(Masterpieces of American Literature)

The play’s main character is Geri, a seventeen-year-old whose mother is a Vietnamese florist and whose father, an American GI, impregnated his lover and then disappeared. Another American soldier found Geri and took her to the United States. This soldier, Laird Riordan, and his wife, Julia, adopted Geri and raised her in California. Geri develops into a concert pianist who has a promising career before her. At seventeen, she already has a lucrative record contract with Sony.

Laird has carefully groomed Geri for the musical career that is now within reach for her. An alcoholic, Laird suffers from post-traumatic stress disorder that, in part, accounts for the heavy drinking that leads to his death just as Geri’s career is beginning to take off. After Laird’s death, Julia sets out for Europe, leaving Geri in the care of her Aunt Geneva, who lives in a sequoia forest.

It is here among the redwoods of the play’s title that Geri puts her concert career on hold to search for her biological father. She has little information about him, although she does remember her birth mother telling her that he had one brown and one blue eye.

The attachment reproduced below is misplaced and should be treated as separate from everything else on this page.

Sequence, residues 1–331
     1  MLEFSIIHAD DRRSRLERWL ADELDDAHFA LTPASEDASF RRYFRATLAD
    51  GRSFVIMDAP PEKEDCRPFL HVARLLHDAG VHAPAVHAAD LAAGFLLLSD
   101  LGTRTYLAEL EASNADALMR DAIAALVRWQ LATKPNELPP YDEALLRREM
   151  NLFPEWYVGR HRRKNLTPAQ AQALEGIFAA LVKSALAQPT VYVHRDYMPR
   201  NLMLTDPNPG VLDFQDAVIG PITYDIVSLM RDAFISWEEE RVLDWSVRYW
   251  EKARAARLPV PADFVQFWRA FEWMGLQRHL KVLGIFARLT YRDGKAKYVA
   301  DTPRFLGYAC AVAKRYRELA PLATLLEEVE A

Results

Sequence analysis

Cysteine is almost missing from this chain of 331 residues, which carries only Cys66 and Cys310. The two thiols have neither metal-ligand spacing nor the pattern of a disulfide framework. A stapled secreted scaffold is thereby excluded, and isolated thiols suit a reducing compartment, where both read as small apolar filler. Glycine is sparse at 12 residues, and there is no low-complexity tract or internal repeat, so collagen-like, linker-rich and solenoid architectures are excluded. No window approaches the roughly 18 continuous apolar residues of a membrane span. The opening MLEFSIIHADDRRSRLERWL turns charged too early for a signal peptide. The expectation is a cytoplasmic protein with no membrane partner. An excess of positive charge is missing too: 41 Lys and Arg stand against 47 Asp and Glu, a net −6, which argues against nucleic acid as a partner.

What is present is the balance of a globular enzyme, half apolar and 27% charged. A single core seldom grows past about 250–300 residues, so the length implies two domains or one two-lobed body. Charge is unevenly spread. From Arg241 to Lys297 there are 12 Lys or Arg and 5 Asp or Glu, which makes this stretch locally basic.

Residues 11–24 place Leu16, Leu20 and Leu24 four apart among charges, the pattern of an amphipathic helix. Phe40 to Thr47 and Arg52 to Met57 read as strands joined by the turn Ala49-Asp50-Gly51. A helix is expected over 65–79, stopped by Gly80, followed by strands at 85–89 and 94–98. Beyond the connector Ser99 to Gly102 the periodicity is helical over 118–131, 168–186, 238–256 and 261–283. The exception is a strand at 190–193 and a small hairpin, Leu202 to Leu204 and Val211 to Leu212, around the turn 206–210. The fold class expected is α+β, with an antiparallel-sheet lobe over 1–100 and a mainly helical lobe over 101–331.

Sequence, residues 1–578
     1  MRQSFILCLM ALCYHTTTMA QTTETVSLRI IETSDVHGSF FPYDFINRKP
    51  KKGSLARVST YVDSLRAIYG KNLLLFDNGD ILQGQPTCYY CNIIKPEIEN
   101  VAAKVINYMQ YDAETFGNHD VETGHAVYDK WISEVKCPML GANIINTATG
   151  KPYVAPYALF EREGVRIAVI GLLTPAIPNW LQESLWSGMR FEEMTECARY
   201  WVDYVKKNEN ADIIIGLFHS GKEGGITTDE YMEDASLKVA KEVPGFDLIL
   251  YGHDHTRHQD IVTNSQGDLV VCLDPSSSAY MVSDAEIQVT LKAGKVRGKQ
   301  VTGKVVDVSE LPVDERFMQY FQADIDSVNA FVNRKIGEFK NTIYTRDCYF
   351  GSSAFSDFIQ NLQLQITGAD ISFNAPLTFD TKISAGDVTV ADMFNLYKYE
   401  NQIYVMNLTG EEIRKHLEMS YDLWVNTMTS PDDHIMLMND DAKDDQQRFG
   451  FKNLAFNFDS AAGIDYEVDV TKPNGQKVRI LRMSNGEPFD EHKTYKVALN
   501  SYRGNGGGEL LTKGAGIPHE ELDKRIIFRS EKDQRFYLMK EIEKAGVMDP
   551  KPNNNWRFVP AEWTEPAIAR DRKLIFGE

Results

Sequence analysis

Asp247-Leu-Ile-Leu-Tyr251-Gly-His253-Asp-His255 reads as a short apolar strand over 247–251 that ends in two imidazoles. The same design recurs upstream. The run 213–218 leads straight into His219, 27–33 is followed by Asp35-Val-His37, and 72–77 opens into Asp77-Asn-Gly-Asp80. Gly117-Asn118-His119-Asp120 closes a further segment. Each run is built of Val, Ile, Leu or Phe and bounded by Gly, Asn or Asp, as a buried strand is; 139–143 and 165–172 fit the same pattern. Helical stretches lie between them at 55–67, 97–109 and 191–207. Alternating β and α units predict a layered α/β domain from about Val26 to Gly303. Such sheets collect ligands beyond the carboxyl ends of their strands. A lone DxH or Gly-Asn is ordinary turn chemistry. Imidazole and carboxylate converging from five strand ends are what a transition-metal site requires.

The redwood forest near Geneva’s house is home to a contingent of homeless war veterans who survive on their meager disability checks. Among this motley throng is Lyman Fellers. Because he has one brown and one blue eye, Geri is convinced that he is her father, although he actually is not.


(The entire section is 498 words.)


(Masterpieces of American Literature)

Barnett, Gene A. Lanford Wilson. Boston: Twayne, 1987.

Bryer, Jackson R., ed. Lanford Wilson: A Casebook. New York: Garland, 1994.

Busby, Mark. Lanford Wilson. Boise, Idaho: Boise State University, 1987.

Dasgupta, Gautam. “Lanford Wilson.” In American Playwrights: A Critical Survey, edited by Bonnie Marranca and Gautam Dasgupta. New York: Drama Book Specialists, 1981.

Dean, Anne M. Discovery and Invention: The Urban Plays of Lanford Wilson. Rutherford, N.J.: Fairleigh Dickinson University Press, 1994.

Gussow, Mel. “A Playwright at Home with Life’s Outsiders.” The New York Times, September 15, 2002, p. AR1.

Herman, William. Understanding Contemporary American Drama. Columbia: University of South Carolina Press, 1987.

Hornsby, Richard Mark. “Miscarriages of Justice.” The Hudson Review 56 (Spring, 2003): 161-167.

Schvey, Henry I. “Images of the Past in the Plays of Lanford Wilson.” In Essays on Contemporary American Drama. Edited by Hedwig Bok and Albert Wertheim. Munich: Max Huber Verlag, 1981.

Williams, Philip Middleton. A Comfortable House: Lanford Wilson, Marshall W. Mason, and the Circle Repertory Theatre. Jefferson, N.C.: McFarland, 1993.